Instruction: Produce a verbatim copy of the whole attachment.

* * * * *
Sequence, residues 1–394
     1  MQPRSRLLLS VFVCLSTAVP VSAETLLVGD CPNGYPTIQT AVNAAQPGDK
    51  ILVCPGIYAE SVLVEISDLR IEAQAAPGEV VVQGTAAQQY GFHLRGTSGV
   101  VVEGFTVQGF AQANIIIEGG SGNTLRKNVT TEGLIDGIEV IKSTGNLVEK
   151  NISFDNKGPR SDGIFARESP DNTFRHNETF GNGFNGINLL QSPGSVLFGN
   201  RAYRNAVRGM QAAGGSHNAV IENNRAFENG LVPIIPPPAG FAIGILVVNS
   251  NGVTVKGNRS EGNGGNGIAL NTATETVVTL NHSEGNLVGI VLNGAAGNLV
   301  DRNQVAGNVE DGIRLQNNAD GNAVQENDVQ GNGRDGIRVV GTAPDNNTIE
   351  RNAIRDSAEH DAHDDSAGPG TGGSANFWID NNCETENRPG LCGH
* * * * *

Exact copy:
Sequence, residues 1–394
     1  MQPRSRLLLS VFVCLSTAVP VSAETLLVGD CPNGYPTIQT AVNAAQPGDK
    51  ILVCPGIYAE SVLVEISDLR IEAQAAPGEV VVQGTAAQQY GFHLRGTSGV
   101  VVEGFTVQGF AQANIIIEGG SGNTLRKNVT TEGLIDGIEV IKSTGNLVEK
   151  NISFDNKGPR SDGIFARESP DNTFRHNETF GNGFNGINLL QSPGSVLFGN
   201  RAYRNAVRGM QAAGGSHNAV IENNRAFENG LVPIIPPPAG FAIGILVVNS
   251  NGVTVKGNRS EGNGGNGIAL NTATETVVTL NHSEGNLVGI VLNGAAGNLV
   301  DRNQVAGNVE DGIRLQNNAD GNAVQENDVQ GNGRDGIRVV GTAPDNNTIE
   351  RNAIRDSAEH DAHDDSAGPG TGGSANFWID NNCETENRPG LCGH